How a Man shall know how much Wrath and Envy is hid in the ground of his Heart, and how he may know whether he loves his Enemies, and the Examples we have thereof in our Saviour
Now turn we again to this image. If thou wilt, try how much anger and envy is hid in thy heart, which thou feelest and perceivest not. Look well and behold thyself wisely when such stirrings of anger and envy against thy neighbour spring out of thy heart. The more that thou art stirred by melancholy or wicked will against him, the more is this image in thee. For the more thou grudgest by impatience, either against God for any tribulation or sickness, or other bodily disease sent by Him, or against thy neighbour, for aught that he doth against thee, the less is the image of Jesus reformed in thee. I say not that such grudgings or fleshly angriness are deadly sins; but I say that they hinder the cleanness of heart and peace of conscience, that thou canst not have perfect charity, by the which thou shouldst come to life Contemplative. For that end is the purpose of all my saying, that thou shouldst not only cleanse thy heart from deadly sins, but also from venial as much as thou canst; and that the ground of sin might by grace of Jesus Christ be somewhat shaked in thee.
For though it be so that thou feelest no evil against thy neighbour for a time, yet art thou not secure that the ground of anger is quenched in thee; neither yet art thou lord and master of the virtue of charity. For let him but touch thee a little angrily, or by a shrewd word, and thou shalt see presently whether thy heart be yet made whole by perfect charity. The more thou art stirred and evil-willed against his person, the further art thou from charity. And if thou be nothing stirred against his person, neither by any angry carriage or gesture outwardly, nor by any privy hate in thy heart, either to despise or judge him, or undervalue, or set him at nought; but the more shame or villainy he doth to thee by word or deed, the more pity and compassion thou hast of him, as thou wouldst have of a man that were out of his wits, and thinkest that thou canst not find in thy heart to hate him (because love is so good in itself) but pray for him and help him and desire his amendment, not only with thy mouth, as hypocrites can do, but with affection of love in thy heart; then hast thou perfect charity to thy neighbour.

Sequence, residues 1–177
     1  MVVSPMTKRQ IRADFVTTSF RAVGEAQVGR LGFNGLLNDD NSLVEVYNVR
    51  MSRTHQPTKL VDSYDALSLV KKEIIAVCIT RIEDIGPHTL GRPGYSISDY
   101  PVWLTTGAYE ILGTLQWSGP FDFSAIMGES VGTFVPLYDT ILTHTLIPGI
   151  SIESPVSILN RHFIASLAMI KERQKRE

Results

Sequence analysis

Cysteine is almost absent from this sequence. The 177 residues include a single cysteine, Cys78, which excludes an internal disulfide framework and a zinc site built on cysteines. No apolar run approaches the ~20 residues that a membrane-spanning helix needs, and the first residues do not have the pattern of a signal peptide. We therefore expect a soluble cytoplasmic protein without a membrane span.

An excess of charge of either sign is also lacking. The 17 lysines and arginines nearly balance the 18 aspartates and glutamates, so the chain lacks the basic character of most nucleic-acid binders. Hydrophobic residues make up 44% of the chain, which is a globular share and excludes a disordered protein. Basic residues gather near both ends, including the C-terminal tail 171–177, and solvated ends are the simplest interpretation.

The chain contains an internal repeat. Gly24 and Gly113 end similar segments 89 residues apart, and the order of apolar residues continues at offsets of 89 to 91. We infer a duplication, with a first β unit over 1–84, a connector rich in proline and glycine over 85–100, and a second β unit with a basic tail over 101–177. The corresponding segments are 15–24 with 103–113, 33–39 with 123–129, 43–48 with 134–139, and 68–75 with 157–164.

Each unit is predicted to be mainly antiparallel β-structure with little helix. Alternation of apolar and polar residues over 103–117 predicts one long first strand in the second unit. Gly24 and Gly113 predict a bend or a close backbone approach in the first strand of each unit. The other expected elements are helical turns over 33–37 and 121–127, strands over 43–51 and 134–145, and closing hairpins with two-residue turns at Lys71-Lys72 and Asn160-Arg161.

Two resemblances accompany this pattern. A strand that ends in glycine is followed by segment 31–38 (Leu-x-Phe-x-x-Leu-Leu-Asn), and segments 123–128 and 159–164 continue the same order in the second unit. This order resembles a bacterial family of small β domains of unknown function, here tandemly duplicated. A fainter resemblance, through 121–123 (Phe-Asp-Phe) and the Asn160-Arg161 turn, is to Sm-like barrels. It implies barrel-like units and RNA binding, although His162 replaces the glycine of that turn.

To love our enemies. After the example of our Saviour.
This charity had St Stephen perfectly when he prayed for them that stoned him to death. This charity counselled Christ to those that would be His perfect followers when He said thus: Love your enemies, do good to them that hate you, pray for them that persecute you.136 And, therefore, if thou wilt be one of Christ's followers, be like Him in this craft. Learn to love thine enemies and sinful men, for all these are thy neighbours. Look and bethink thee how Christ loved Judas, who was both His deadly enemy and a sinful caitiff; how goodly Christ was to him, how benign, how courteous, and how lowly to him whom He knew to be damnable. And nevertheless He chose him to be His apostle, and sent him to preach with His other apostles. He gave him power to work miracles; He showed the same good cheer to him in word and deed as He did to other apostles. He washed his feet, and fed him with His precious Blood, and preached to him as He did to His other apostles. He bewrayed him not openly (for He did it privily); He miscalled him not, despised him not, never spake evil of him; notwithstanding if He had done all these things, He had said nothing but truth. Moreover, when Judas took Him, He kissed him, and called him His friend. All this charity showed Christ unto Judas, whom He knew to be damnable; and this He did in no way of counterfeiting or flattering, but in reality and truth of good love and clean charity. For though it was true that Judas was not worthy to have any gift from God, or any sign of love for his wickedness; nevertheless, it was worthy and seemly that our Lord should show Himself to be that which He is, and that is love and goodness to all His creatures, as He was to Judas. I say not that He loved him for his sin, nor that He loved him as one of His chosen, as He did St Peter; but He loved him inasmuch as he was His creature, and showed him tokens of love, if he would have been mended thereby. Follow thou His example somewhat as much as thou canst; for though thou art shut up in a house as to thy body, nevertheless in thy heart (where the seat of love is) thou mayest have part in such love to thy neighbour, as I have spoken of.